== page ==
U.S. is bright spot in Honda forecast
Iwamura: High N.A. marketing costs cut profit.
TOKYO -- Honda Motor Co. is banking on a big surge in U.S. sales to offset a darkening outlook for China and Europe that has forced the company to cut its full-year sales and profit forecast.
Auto sales are expected to climb 32 percent to 1.7 million units in North America in the fiscal year ending March 31, 2013, from 1.3 million a year earlier.
The target, in line with Honda's previous forecast, makes North America the earnings anchor amid slumping business elsewhere.
While releasing earnings for the quarter ended Sept. 30, Honda lowered its global fiscal year sales forecast because of softening business in China and Europe. Global sales are now predicted to be 4.1 million, down from the previous goal of 4.3 million.
Operating profit is now expected to rise to ¥520 billion, or $6.68 billion, from $2.97 billion the prior year. That's well below the forecast that Honda issued in April, which predicted operating profit would reach $7.96 billion.
Net income is forecast to be $4.81 billon, up from $2.71 billion a year earlier. The new goal is 20 percent below Honda's earlier target of $6.03 billion.
Honda's sales are getting whacked in Europe by that region's financial crisis and in China by an anti-Japan backlash triggered by a territorial despite between Tokyo and Beijing.
North America remains on a stable upward trajectory. Honda sales soared 50 percent to 404,000 units there in the quarter ended Sept. 30, from 269,000 a year earlier.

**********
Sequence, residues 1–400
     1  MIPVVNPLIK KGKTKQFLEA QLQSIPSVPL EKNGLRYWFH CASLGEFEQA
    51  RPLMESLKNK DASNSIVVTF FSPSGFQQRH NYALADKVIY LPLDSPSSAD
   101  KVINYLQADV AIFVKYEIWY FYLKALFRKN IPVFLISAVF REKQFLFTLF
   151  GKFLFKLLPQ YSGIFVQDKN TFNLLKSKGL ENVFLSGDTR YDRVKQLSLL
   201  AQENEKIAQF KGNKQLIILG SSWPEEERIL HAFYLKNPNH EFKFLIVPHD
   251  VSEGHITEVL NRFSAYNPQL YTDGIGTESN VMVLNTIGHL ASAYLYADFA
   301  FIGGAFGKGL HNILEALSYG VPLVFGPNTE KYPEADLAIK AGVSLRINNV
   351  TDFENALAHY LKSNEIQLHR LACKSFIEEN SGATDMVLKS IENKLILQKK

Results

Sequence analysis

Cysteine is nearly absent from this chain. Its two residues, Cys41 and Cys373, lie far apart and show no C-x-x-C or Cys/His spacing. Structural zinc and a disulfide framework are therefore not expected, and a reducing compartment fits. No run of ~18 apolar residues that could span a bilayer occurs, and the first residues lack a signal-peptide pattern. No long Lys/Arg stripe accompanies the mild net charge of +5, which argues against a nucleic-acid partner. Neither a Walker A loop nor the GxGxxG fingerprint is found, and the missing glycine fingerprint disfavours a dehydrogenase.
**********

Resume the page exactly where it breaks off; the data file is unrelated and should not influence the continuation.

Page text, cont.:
Despite the gains, regional operating profit slid in what is traditionally Honda's most profitable market. North American operating profit fell 44 percent to $342.7 million in the quarter, from $612.3 million a year earlier.
Executive Vice President Tetsuo Iwamura, who also is CEO of American Honda Motor Co., blamed the deterioration on increased expenses for incentives and marketing, especially in comparison to a very low base the previous year. Some of those marketing expenses were tied to the launch of the redesigned Accord.
This year Honda also weathered costly recalls. In July it recalled more than 321,000 CR-V crossovers and Acura models to fix faulty door locks.
In 2011, Honda's supply was crimped by that spring's earthquake in Japan, and the company spent a bare minimum on incentives and advertising to move cars.
The situation flip-flopped in 2012, when Honda was preparing for the Accord launch. It ramped up incentives to clear out inventories and spent heavily to market the redesigned version.
"The year before, we didn't use any promotions at all," CFO Fumihiko Ike said. "Plus, in America we had some recalls. So when you add in those quality costs, the overall net result was a reduction in profit."
In the latest quarter, global net income jumped 36 percent to $1.06 billion and operating profit surged 92 percent to $1.29 billion, as revenues rose 20 percent to $29.16 billion.
|Honda tempers outlook|
|Honda slashed its forecast for the fiscal year ending March 31, 2013, citing a weak European market and anti-Japanese demonstrations in China that have hurt sales there.|
|2013 FY new forecast||2013 FY prior forecast||2012 FY actual|
|Revenue||$125.8 billion||$132.2 billion||$102.1 billion|
|Operating profit||$6.68 billion||$7.96 billion||$2.97 billion|
|Net income||$4.81 billion||$6.03 billion||$2.71 billion|
|Global unit sales||4.1 million||4.3 million||3.1 million|
|Results translated at an exchange rate of $1 = ¥77.90, the rate on Sept. 30.|
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